Little Lehigh Watershed

Click image to view larger.

The Little Lehigh Creek is a rapidly developing, 181 square-mile watershed in both Lehigh and Berks Counties that includes the 82 square-mile Jordan Creek sub-watershed. The Little Lehigh Creek mainstem watershed is a highly developing valley primarily underlain by highly permeable carbonate geology, while its Jordan Creek tributary originates in the much less permeable rocks in the northern part of the watershed.

 

Population of the watershed is well over 200,000 people. The watershed consists of 297 total miles of streams, of which 244.8 miles are classified by PADEP as High Quality for purposes of protection.

 

PADEP, 2009. Supporting Documentation Little Lehigh Creek, Lehigh and Berks Counties, Nomination for Critical Water Planning Area Under Pennsylvania State Water Plan.

=======================

 

The Little Lehigh Creek flows into the Lehigh River. Once the Little Lehigh Creek enters the Lehigh River, the water travels 16 miles before it empties into the Delaware River. The main stem of the Little Lehigh Creek ranges from five to 125 feet in width. Approximately 18.7 square miles of the drainage basin are located in Berks County and 88.8 square miles of the drainage basin are located in Lehigh County.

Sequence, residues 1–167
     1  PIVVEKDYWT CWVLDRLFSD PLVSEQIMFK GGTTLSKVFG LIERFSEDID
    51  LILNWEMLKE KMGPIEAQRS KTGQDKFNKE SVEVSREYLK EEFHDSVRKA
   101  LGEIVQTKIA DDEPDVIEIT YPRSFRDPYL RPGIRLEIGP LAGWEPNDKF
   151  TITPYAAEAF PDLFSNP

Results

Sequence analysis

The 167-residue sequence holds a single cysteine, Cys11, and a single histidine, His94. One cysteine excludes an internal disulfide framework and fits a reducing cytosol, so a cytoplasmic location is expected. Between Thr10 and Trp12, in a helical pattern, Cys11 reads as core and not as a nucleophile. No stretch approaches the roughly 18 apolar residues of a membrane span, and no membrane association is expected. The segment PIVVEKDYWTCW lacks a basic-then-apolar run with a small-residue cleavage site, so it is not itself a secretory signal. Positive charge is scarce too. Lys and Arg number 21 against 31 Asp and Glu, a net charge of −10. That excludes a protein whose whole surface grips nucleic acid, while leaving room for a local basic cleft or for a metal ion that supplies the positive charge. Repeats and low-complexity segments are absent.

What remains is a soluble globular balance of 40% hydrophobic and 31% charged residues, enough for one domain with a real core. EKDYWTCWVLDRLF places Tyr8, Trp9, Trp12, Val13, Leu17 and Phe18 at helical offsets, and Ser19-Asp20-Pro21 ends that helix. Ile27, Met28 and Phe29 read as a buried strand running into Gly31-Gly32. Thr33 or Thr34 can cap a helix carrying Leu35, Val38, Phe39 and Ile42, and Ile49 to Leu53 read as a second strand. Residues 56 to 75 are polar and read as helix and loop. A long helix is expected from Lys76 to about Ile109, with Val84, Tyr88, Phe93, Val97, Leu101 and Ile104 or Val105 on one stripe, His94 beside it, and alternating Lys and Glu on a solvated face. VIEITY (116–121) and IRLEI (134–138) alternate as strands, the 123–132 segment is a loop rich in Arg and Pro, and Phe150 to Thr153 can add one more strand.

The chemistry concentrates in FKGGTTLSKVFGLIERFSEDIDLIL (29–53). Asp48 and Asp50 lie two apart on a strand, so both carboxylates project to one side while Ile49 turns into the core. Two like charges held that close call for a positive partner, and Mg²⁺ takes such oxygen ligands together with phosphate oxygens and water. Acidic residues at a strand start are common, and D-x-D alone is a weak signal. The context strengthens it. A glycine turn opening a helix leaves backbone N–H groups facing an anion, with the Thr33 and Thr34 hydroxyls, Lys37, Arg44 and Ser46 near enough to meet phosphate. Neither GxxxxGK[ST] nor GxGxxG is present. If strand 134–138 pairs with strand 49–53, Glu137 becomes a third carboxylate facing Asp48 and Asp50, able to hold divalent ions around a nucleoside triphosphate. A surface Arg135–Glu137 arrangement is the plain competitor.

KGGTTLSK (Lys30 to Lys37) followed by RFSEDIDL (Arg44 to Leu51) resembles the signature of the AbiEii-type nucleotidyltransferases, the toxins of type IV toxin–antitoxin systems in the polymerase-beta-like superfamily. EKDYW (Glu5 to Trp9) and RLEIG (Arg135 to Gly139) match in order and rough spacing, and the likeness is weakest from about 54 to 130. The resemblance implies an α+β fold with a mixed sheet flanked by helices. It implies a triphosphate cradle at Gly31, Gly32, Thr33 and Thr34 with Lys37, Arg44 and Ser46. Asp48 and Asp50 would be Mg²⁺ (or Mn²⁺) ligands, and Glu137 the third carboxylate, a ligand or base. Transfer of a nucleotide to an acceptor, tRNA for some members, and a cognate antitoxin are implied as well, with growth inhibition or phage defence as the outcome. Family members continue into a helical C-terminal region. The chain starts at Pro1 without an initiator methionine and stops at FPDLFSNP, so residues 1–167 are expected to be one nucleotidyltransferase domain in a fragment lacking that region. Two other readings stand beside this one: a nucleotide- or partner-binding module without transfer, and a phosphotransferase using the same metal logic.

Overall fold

The Little Lehigh Creek flows from Topton in Longswamp Township, Berks County, through Lower Macungie Township and Salisbury Township, until it converges with the Lehigh River in the City of Allentown, Lehigh County. Tributaries drain Upper Macungie Township, Upper Milford Township, Alburtis and Macungie Boroughs and South Whitehall Township.

 

Land Use & Soils

 

The land use in the Little Lehigh Creek watershed varies. Most of the land in the headwaters of the Little Lehigh Creek is rural forested land, vacant, or used for agriculture. As the creek flows towards Emmaus and Allentown, residential housing becomes more plentiful and an urban landscape dominates. A fish hatchery is located on the Little Lehigh Creek in the City of Allentown’s Lehigh Parkway park. Some industrial and commercial use can also be found in the eastern portion of the watershed.